In his statement to the courtMr. Kavala said the twists and turns in his lawsuit were an indication of political interference aimed at extending his imprisonment. The aim, he said, was to keep alive the perception of his guilt and to criminalize Gezi’s protests as an act of rebellion, “although the evidence points to the contrary.”

“What is striking about the charges against me is not simply that they are not based on any evidence,” he said. “These are claims of a fantastic nature based on conspiracy theories beyond the bounds of reason.”

Other defendants raised similar complaints.

“I have been tried twice on the same indictment,” said one of them, Mucella Yapici, a leading member of the Taksim solidarity movement, which formed during the protests. “I was acquitted and my acquittal was approved. Twice. I reject this case, for reason, ethics and conscience ”, she declared in court in commented on a support group relayed on Twitter.

A three-judge panel rejected lawyers’ requests to separate the three cases, leading a group of lawyers to step down.

“Here, the match referee is trying to score a goal,” said Riza Kocal, lawyer for the defendants belonging to Carsi, a group of supporters of Besiktas football club in Istanbul. “The junction of cases is unfounded. Each case must be sent to its own court.

Even though Mr Erdogan, who faces increasingly serious economic and political challenges in his country, has sought to restore relations with the United States and Europe, he has repeatedly rejected calls for improvements. Turkey’s poor justice record or the release of prominent political prisoners like Mr. Kavala.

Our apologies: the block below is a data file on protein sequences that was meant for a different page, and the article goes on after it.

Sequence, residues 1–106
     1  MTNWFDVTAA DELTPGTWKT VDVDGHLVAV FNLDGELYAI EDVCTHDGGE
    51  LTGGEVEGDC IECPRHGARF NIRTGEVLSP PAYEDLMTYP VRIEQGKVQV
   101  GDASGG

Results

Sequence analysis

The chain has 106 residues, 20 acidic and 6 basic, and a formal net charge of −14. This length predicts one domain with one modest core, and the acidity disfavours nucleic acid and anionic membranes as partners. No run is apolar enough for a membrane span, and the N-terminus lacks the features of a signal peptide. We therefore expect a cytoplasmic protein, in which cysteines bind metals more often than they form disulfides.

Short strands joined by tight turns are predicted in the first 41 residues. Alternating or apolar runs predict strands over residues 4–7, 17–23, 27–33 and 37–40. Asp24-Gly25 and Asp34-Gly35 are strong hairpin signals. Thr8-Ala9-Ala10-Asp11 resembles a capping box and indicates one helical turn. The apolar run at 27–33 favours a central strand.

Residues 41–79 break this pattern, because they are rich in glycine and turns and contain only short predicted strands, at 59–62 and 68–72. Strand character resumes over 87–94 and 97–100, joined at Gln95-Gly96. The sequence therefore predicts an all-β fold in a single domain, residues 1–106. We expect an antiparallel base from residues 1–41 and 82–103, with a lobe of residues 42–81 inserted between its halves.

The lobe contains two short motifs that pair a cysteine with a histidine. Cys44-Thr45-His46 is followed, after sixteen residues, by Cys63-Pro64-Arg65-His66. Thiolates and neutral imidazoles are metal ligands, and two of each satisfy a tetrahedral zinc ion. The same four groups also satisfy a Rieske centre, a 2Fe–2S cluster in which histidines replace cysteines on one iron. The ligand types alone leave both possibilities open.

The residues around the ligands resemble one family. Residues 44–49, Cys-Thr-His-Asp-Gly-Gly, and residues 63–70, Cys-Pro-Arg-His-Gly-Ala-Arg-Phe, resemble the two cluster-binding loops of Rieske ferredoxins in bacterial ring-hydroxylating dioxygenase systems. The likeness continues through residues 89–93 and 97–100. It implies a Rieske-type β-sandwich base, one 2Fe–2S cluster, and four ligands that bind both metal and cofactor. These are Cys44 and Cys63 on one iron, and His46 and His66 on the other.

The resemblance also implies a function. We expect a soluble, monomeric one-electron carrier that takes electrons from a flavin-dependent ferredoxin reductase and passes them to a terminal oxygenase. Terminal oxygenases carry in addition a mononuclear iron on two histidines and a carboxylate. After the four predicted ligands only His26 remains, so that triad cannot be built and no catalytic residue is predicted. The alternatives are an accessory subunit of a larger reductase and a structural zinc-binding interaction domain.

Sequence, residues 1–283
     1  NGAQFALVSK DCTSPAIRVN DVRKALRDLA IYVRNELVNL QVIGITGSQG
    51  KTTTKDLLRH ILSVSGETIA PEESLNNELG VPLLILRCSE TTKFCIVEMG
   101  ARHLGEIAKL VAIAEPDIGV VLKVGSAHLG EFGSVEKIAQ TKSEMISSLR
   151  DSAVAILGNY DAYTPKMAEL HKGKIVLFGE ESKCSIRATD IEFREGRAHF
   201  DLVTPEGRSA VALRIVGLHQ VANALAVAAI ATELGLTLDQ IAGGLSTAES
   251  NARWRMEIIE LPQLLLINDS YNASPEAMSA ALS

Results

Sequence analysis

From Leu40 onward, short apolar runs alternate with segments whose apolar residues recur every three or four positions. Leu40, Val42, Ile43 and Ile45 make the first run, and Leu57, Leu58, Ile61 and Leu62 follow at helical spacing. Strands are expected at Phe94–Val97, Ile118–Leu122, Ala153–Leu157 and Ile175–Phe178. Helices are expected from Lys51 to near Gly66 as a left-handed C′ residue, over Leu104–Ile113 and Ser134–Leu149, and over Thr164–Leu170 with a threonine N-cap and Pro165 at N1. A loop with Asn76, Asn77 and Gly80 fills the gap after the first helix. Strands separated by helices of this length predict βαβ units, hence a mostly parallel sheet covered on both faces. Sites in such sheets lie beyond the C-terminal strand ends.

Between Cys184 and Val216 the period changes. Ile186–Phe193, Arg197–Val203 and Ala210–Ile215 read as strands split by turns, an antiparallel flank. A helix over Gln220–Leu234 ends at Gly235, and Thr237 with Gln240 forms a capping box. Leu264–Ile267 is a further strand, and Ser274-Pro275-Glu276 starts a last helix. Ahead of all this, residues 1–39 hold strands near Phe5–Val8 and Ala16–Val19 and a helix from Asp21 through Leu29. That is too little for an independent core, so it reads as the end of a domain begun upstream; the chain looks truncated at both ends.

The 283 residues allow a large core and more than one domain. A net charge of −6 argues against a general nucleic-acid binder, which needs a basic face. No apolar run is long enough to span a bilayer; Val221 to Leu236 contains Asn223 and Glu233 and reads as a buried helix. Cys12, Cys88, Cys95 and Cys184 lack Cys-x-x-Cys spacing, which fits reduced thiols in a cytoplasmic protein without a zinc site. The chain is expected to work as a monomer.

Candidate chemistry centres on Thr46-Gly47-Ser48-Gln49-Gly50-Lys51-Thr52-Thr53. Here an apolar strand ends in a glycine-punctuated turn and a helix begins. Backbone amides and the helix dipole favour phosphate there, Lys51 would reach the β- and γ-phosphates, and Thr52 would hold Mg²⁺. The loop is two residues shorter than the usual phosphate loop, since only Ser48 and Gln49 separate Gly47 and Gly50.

Turkey has ignored several decisions of the European Court of Human Rights calling for the release of detainees like Mr. Kavala. This prompted human rights organizations to urge the committee of ministers overseeing the tribunal to initiate infringement proceedings against Turkey, a rare action that could lead to its suspension from the court.

“Turkish courts and prosecutors have engaged in a series of tactics to circumvent the authority of the ECHR and the Council of Europe”, Aisling Reidy, senior legal adviser to Human Rights Watch, said in a statement at the time. “They have repeatedly issued bogus release orders, initiated multiple criminal proceedings on the same facts, repeatedly issued detention decisions while adopting unwarranted procedural decisions to extend detention. “

The Kavala affair has done a lot of damage to Turkey’s position in the United States Congress and across Europe, Ms. Aydintasbas said. “A rational actor would have let Kavala go long ago, knowing that this would buy goodwill from Turkey at the lowest point in its relations with the West.”

“I think at this point it’s more of a systemic obsession than anything else,” she added. “Everyone knows that Osman, as a member of civil society, is not a political threat to anyone. He didn’t organize Gezi or the coup and I doubt anyone would actually believe him.

The next hearing will be on November 26, the judge said.



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Newsrust - US Top News: Turkish philanthropist Osman Kavala stands trial